Yet the extent to which changes in the party’s senior members and renewed focus on society at large represents true inclusiveness or merely the illusion of inclusion remains to be seen. Since its ascent to power in Syria in 1963, the Ba’ath Party has engaged in faux representation of all ethnic and sectarian components of the Syrian population, using pseudo-quotas to don the image of inclusiveness. However, recent organizational changes that carried two Kurds to the Central Committee of the party in unprecedented fashion, along with the open discussion of Kurdish cultural rights (within a unified Syria), seem to indicate that the party is for all Syrians. This may be indicative of a change in the party's Arab nationalist ideology to garner support from religious and ethnic minorities. Yet at the same time, Assad’s speech during the party conference repeatedly emphasized the Syrian state’s identity as part of the Arab nation and that the war in Syria primarily targets Arab nationalism. He stressed that what is happening in Syria is simply a "continuation of the [historic] struggle between secular forces, represented by the Ba’ath Party, and political Islam, represented by the Muslim Brotherhood." He reminded the audience of the Ba’ath party’s commitment to the national, pan-Arab agenda, stating "the battle between the [Ba’ath] Party and the fanatical currents of the Muslim Brotherhood is not a new one. It goes back to the 1960s. One of the major goals of that war was to undermine nationalist thought and force Syria to abandon pan-Arab thought." In essence, Assad’s discourse sought to reinforce Syria as part of the Arab nation and the role of the Ba’ath Party therein.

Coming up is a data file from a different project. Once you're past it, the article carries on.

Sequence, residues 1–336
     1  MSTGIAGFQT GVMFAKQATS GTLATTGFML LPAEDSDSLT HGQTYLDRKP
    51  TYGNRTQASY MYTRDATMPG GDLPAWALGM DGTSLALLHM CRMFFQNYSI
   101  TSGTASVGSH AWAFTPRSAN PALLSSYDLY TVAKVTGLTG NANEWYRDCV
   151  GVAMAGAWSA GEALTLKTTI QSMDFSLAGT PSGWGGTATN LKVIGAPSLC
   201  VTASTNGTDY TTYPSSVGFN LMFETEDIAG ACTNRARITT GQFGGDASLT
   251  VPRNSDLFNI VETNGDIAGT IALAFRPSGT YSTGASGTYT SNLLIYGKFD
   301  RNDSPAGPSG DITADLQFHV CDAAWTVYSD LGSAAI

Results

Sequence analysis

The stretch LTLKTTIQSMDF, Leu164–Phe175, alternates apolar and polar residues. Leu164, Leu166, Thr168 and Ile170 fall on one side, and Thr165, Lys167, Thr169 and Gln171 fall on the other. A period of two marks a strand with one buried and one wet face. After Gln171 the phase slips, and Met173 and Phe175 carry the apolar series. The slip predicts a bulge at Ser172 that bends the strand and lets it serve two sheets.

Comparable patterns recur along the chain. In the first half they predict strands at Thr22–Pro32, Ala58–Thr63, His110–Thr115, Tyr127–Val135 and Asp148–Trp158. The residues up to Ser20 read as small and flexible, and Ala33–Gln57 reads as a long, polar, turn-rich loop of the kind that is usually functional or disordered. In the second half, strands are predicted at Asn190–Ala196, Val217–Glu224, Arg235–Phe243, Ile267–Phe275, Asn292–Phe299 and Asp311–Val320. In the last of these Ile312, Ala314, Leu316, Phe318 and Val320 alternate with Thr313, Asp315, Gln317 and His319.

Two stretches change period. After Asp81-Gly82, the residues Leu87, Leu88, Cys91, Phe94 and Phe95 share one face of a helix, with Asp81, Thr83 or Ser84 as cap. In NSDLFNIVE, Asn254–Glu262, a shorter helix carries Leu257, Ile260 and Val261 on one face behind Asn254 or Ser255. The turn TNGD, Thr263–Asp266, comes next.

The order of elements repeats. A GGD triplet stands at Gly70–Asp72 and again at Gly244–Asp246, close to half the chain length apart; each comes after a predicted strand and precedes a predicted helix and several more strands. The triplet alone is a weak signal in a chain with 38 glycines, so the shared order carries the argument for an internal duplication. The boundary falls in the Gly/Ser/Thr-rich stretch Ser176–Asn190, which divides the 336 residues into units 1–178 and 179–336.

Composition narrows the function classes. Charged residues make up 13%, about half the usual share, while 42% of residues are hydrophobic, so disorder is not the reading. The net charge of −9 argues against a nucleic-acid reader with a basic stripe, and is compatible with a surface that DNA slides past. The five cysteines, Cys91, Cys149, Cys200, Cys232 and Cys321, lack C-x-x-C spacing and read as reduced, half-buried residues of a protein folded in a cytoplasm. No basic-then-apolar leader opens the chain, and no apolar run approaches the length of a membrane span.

These assertions, made at this particular time, aimed to send specific signals to different stakeholders. First and foremost, the Syrian state’s Arab identity was reinforced to Kurdish political entities, including the Kurdish National Council and the Kurdish self-administration. The speech also renewed the party’s strong rejection of any participation by political Islamist entities – particularly, the Muslim Brotherhood – in the future of the country. Yet importantly, it represented a rejection to the Russian draft of the constitution, which removed the word “Arab” from the official name of the Syrian Arab Republic. All of these messages come at a time when concerns about a separatist agenda and attempts to erase the Syrian state’s Arab identity are growing among the Arab majority, in both the opposition and loyalist factions. The Ba’ath Party currently wants to portray itself as the savior and unifier of the nation.
Consolidating International Support